What landscapes and subjects have been of the greatest inspiration to you?

   Landscapes that inspire me are really anything that have a great feeling of light and shadow or interesting groupings of shapes and colors. I am partial to the landscapes of New Mexico. I love the shapes, the light and strong colors.  I have been traveling back to the Midwest, Iowa specifically, to visit my parents. I have really noticed the beauty of the rolling green hills and prairie there. I grew up in central Illinois, so I think that type of landscape is just a part of me, but, I do find beauty nearly anywhere I travel, as well as in my own backyard. I once did a show called “Two Blocks”.  It was based on the a quote by Robert Motherwell:  “If you can’t find your inspiration by walking around the block one time, go around two times, but never three”.  So, I did paintings of subjects I found within a two-block radius from my apartment. Those were some of my favorite pieces. Van Gogh knew this, too—he painted the “ordinary” and made it amazing.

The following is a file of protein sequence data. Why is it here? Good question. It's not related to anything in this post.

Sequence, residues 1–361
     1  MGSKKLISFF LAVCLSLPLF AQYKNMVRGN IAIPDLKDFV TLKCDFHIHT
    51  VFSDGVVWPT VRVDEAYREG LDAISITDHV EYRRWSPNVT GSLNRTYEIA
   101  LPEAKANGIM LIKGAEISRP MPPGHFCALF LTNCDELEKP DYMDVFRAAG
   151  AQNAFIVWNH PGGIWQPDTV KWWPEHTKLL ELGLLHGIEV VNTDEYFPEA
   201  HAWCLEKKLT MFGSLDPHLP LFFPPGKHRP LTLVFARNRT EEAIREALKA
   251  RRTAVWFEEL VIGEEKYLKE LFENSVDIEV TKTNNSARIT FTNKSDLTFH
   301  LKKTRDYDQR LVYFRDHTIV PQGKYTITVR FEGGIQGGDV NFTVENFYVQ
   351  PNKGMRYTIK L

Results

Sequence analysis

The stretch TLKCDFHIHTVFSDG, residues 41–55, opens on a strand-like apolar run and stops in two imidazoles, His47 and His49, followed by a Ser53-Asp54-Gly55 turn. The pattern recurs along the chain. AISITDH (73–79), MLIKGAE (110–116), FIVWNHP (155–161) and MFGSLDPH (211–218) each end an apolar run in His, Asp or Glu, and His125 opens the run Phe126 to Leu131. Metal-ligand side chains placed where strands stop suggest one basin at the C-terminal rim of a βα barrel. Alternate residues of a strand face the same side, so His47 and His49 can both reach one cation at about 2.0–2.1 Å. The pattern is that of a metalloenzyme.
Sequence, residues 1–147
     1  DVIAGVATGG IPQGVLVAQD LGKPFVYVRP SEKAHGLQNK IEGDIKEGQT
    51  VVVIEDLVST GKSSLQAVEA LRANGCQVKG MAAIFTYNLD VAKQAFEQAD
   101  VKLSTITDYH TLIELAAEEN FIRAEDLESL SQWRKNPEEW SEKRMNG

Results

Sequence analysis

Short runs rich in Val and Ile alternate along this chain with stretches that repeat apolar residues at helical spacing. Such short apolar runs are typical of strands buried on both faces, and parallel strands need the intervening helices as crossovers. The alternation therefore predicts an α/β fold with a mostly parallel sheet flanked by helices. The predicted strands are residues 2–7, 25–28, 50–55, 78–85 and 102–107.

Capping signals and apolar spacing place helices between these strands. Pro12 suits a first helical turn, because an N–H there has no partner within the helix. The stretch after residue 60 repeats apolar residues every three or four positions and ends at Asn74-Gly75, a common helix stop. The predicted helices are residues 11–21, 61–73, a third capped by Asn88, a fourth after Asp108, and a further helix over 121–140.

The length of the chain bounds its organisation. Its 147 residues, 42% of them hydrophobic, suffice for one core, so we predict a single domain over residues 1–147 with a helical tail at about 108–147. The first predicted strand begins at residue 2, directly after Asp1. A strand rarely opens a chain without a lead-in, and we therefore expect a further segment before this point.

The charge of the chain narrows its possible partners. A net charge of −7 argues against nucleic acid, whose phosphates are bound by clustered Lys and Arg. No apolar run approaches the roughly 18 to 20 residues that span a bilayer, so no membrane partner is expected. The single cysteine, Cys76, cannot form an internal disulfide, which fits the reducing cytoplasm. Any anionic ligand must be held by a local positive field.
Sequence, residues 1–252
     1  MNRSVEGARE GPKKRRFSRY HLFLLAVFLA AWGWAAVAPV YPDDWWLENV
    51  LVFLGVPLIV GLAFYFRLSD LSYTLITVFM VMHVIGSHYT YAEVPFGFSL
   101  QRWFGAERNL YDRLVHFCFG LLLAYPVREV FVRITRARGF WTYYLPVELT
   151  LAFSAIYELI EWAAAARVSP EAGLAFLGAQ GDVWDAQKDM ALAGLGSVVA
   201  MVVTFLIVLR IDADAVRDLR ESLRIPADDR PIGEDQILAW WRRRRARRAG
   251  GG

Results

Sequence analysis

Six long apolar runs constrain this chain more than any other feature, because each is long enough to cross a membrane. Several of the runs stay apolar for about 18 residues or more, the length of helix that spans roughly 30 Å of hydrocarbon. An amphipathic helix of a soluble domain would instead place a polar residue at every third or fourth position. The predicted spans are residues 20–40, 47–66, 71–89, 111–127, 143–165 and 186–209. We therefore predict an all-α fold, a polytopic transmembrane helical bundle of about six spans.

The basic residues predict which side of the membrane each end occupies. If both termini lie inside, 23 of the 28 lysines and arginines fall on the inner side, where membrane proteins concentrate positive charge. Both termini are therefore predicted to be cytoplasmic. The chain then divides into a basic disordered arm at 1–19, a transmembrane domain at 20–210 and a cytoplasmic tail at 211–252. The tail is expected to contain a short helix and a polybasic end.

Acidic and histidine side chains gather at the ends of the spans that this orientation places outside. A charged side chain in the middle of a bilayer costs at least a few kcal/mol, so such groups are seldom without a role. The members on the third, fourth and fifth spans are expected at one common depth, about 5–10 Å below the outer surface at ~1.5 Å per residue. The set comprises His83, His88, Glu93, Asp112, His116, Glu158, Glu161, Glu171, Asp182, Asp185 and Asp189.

Iowa Fields, 6 x 8", Oil, © Dena Peterson
Iowa Fields                                   6 x 8"                                   Oil

Iowa Sunset, 16 x 20", Oil, © Dena Peterson
Iowa Sunset                                     16 x 20"                                      Oil

   My encouragement for a beginning artist would be to not be in a hurry to show or “market” your work. Spend time deciding what kind of work inspires you. Visit museums and see work in person. Then, learn all that you can about how to make good work. Practice by making many paintings, but don’t worry about making them to get into a show or to sell. Just learn and paint and find your voice. If you love what you paint, it will eventually find a market.

Light Display, 20 x 16", Oil, © Dena Peterson
Light Display                         20 x 16"                         Oil

Denver in the Rain, 36 x 24", Oil, © Dena Peterson
Denver in the Rain                    36 x 24"                    Oil

To see more of Dena Peterson's work, go to:


All Artwork © Dena Peterson


Copyright Hulsey Trusty Designs, L.L.C. (except where noted). All rights reserved.